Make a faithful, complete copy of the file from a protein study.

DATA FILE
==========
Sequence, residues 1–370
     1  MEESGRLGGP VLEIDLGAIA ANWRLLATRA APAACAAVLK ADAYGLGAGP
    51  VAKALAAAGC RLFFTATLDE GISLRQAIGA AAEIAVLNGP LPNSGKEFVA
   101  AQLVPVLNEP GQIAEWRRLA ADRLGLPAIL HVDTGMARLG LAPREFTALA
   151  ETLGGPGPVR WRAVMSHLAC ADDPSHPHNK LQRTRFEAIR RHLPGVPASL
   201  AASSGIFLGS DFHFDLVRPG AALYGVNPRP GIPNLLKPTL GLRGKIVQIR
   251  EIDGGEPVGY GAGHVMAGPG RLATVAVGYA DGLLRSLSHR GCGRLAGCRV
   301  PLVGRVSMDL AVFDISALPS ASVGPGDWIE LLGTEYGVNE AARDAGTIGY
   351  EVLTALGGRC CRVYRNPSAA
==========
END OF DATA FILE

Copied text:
Sequence, residues 1–370
     1  MEESGRLGGP VLEIDLGAIA ANWRLLATRA APAACAAVLK ADAYGLGAGP
    51  VAKALAAAGC RLFFTATLDE GISLRQAIGA AAEIAVLNGP LPNSGKEFVA
   101  AQLVPVLNEP GQIAEWRRLA ADRLGLPAIL HVDTGMARLG LAPREFTALA
   151  ETLGGPGPVR WRAVMSHLAC ADDPSHPHNK LQRTRFEAIR RHLPGVPASL
   201  AASSGIFLGS DFHFDLVRPG AALYGVNPRP GIPNLLKPTL GLRGKIVQIR
   251  EIDGGEPVGY GAGHVMAGPG RLATVAVGYA DGLLRSLSHR GCGRLAGCRV
   301  PLVGRVSMDL AVFDISALPS ASVGPGDWIE LLGTEYGVNE AARDAGTIGY
   351  EVLTALGGRC CRVYRNPSAA